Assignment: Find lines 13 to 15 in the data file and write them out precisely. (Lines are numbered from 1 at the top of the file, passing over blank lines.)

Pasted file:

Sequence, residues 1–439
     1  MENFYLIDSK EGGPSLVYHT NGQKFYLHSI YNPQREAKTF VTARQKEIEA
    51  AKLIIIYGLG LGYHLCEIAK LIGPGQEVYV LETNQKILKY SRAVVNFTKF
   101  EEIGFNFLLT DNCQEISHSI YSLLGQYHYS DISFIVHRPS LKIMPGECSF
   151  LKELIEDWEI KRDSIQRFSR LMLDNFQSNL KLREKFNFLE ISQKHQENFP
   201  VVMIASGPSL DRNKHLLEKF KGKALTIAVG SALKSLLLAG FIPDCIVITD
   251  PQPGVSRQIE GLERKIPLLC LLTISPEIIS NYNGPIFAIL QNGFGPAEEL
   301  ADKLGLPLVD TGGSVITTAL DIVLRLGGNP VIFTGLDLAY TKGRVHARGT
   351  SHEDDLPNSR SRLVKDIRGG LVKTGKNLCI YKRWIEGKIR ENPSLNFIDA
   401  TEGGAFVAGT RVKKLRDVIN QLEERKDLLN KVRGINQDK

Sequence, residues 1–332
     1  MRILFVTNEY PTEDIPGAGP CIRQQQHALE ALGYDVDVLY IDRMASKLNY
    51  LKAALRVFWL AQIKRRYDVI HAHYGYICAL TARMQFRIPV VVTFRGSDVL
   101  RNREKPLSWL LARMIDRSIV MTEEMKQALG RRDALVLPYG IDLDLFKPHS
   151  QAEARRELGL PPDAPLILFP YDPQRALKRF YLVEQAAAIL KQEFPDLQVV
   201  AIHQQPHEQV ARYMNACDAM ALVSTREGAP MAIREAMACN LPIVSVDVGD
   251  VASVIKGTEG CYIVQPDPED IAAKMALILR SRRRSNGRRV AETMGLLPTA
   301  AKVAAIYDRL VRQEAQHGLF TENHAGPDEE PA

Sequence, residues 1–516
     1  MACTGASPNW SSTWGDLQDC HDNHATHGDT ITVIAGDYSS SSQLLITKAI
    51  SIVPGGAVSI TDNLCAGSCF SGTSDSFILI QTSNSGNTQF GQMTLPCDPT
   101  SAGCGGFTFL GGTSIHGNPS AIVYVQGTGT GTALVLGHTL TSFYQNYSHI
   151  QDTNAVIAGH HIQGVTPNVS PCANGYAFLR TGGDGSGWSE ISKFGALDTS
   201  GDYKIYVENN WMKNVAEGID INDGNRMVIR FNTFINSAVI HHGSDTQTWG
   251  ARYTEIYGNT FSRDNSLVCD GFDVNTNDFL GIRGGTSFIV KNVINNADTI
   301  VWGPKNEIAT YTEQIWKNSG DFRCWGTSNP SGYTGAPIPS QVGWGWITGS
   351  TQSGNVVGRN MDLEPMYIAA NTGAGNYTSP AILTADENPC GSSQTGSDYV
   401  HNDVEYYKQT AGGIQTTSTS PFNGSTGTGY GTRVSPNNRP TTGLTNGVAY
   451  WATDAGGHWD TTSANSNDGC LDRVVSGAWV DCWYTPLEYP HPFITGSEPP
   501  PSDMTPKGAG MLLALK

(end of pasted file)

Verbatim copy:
    51  LKAALRVFWL AQIKRRYDVI HAHYGYICAL TARMQFRIPV VVTFRGSDVL
   101  RNREKPLSWL LARMIDRSIV MTEEMKQALG RRDALVLPYG IDLDLFKPHS
   151  QAEARRELGL PPDAPLILFP YDPQRALKRF YLVEQAAAIL KQEFPDLQVV